Ukrainian President Condemns anti-Semitism in Knesset Speech

Yushchenko visits Western Wall, Yad Vashem but stops short of apologizing for Ukrainian role in Holocaust.

Ukrainian President Viktor Yushchenko condemned anti-Semitism before the Knesset plenum in Jerusalem on Wednesday, but did not apologize for his country's role in the Holocaust.

Yuschenko told the Knesset his country would not tolerate any form of anti-Semitism or xenophobia. "We will fight against these evils that poison all good things," he said, adding that a museum commemorating the Holocaust is currently under construction in the Ukraine.

Before speaking at the Knesset, he toured the old city of Jerusalem and placed a prayer between the stones of the Western Wall. Western Wall Rabbi Shmuel Rabinovitz said Yuschenko told him the objective of his visit to Israel was to "express solidarity with the Jewish people and their heritage and pray at the religion's holiest site."

Knesset Speaker Dalia Itzik did not mention Ukrainian participation in the Holocaust while addressing Yuschenko, but did echo his sentiments on Stalin's massacre of Ukrainians.

On a tour of Jerusalem on Wednesday, Yushchenko and his wife Kateryna visited Israel's Holocaust memorial, Yad Vashem, where he was presented with documents concerning his father's imprisonment by the Nazis. Andrej Juschtschenko, the president's father, was a Soviet soldier who was captured in 1944 and imprisoned for a year.

Yushchenko appeared introspective while touring exhibits highlighting the killing of 1.4 million of Ukraine's 2.4 million Jews during the Holocaust.

His wife, Kateryna Yushchenko's was moved to tears by an exhibit about the Babi Yar massacre, in which 33,711 Jews were rounded up and shot on the edge of a ravine in Kiev between Sept. 29-30, 1941. The Nazis then buried some alive and beat others with shovels. Yushchenko gave the museum a sample of soil and a rock from the site.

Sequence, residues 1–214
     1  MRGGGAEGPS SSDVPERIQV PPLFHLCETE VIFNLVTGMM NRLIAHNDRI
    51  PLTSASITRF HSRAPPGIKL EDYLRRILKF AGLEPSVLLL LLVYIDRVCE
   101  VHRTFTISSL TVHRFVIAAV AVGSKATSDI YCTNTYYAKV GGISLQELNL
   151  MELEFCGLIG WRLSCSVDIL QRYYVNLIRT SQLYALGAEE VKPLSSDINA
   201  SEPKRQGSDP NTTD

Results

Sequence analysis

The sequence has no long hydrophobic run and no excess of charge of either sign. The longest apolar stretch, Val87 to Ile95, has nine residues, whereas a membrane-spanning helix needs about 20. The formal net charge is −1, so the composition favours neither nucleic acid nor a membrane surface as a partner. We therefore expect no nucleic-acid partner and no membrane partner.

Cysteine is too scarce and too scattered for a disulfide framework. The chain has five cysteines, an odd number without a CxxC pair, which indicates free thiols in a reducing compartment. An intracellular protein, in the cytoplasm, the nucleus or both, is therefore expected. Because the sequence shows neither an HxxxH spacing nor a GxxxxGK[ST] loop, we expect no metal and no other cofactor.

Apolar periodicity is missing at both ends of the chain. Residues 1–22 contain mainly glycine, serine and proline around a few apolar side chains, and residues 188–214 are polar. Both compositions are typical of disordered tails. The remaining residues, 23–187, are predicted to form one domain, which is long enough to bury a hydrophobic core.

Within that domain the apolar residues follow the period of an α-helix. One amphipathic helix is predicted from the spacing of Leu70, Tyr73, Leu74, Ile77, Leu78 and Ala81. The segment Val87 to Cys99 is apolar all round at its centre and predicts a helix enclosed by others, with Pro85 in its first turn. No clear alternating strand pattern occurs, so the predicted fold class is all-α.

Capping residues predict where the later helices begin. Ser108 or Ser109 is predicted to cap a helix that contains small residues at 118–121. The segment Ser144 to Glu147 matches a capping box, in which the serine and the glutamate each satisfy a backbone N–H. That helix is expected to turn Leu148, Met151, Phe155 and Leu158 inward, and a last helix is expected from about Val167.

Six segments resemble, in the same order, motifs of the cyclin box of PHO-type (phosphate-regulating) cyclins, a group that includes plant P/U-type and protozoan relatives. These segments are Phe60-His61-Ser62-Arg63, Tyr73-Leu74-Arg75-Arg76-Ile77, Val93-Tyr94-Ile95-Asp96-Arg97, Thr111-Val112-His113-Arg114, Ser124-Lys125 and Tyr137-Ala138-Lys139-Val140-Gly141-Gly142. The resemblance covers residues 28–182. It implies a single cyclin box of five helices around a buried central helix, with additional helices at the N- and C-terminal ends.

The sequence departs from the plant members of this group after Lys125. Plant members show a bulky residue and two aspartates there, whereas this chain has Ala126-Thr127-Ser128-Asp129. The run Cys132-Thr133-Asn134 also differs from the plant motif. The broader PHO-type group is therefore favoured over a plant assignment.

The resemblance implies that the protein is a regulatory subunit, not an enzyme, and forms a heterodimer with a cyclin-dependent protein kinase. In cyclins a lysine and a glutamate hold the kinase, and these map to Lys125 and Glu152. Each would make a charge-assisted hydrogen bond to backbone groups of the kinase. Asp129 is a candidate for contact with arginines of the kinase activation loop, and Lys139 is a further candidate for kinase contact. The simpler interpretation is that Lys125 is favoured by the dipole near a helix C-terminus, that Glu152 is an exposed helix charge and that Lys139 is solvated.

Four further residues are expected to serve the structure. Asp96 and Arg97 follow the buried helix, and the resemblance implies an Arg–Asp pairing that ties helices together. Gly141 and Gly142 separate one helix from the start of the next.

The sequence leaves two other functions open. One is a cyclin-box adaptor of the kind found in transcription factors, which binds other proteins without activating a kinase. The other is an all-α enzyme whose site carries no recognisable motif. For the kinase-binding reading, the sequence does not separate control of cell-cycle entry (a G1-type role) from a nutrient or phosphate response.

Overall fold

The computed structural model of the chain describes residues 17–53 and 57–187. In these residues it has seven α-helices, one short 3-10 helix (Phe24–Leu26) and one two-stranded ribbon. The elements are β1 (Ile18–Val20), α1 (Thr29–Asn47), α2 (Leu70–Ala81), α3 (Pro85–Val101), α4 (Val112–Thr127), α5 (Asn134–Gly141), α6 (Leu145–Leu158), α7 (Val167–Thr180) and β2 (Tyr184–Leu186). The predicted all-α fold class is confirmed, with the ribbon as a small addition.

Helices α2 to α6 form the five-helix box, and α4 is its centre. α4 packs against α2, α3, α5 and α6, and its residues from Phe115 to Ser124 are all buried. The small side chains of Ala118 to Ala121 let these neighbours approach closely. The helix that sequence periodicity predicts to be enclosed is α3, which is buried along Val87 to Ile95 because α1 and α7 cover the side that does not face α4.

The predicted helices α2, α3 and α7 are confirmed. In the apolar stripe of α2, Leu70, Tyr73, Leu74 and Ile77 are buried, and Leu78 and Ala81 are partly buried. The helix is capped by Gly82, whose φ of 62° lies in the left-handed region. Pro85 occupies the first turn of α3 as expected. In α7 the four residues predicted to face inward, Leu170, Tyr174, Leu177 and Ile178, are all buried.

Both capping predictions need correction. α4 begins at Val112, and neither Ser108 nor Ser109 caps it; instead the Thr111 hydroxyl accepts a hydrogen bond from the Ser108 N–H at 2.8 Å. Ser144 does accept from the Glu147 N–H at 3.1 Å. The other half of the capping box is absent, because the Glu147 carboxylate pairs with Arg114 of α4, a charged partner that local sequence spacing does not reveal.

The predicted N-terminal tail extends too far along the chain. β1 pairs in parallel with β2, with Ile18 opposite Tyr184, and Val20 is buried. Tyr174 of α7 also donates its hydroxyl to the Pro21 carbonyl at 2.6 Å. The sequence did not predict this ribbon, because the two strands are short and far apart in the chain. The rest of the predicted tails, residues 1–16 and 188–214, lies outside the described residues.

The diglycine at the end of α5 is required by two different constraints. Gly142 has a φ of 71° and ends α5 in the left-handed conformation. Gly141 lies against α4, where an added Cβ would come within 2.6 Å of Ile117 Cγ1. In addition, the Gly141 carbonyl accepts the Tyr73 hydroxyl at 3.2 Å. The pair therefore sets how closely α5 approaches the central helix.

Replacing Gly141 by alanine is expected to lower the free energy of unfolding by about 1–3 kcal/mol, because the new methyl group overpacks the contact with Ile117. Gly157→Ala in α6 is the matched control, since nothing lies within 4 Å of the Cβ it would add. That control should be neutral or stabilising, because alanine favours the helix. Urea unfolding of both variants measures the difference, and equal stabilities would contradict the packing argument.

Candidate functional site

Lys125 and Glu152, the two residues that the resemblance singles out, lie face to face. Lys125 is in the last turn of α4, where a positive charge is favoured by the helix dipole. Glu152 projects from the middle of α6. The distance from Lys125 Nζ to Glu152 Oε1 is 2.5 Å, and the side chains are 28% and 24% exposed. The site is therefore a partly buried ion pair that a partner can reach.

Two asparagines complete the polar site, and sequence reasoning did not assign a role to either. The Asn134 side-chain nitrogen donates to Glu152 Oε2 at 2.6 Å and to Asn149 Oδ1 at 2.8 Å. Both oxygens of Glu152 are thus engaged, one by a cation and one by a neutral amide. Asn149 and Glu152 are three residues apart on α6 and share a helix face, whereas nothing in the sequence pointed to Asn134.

Yuschenko said his country sought to play a role in efforts to forge peace between Israel and the Palestinians, and President Shimon Peres suggested that Kiev help with money.

Speaking at a joint news conference at Peres' official residence, Yushchenko said he held the relationship between Israel and Ukraine in high regard and suggested the two countries have a shared future, despite a difficult history.

"In the state of Israel we see a loyal partner and the best friend in all areas relating both to regional and global issues," Yushchenko said. "Ukraine wishes to play a role in the peace process."

Ukraine's powerful neighbor, Russia, is a member of the Quartet of international peacemakers, with the United States, United Nations and the European Union. Peres said he told his guest that helping bankroll peace projects would be more welcome than additional political engagement.

"Parallel to the political process there is now also an economic process, and I suggest that Ukraine take part in building the economic peace," Peres said. "I think the president (Yushchenko) liked this idea."

In World War II, some 1.4 million of Ukraine's 2.4 million Jews were murdered during the Holocaust, most famously in the Babi Yar massacre where more than 33,000 Jews were executed at the edge of a ravine in Kiev between September 29-30, 1941. Nazis rounded up the Jews and shot them on a platform built over the ravine, burying some alive and beating other survivors with shovels.

"We don't need to erase the past, nor should we neglect the future," said Peres. There have been some very difficult chapters in our history.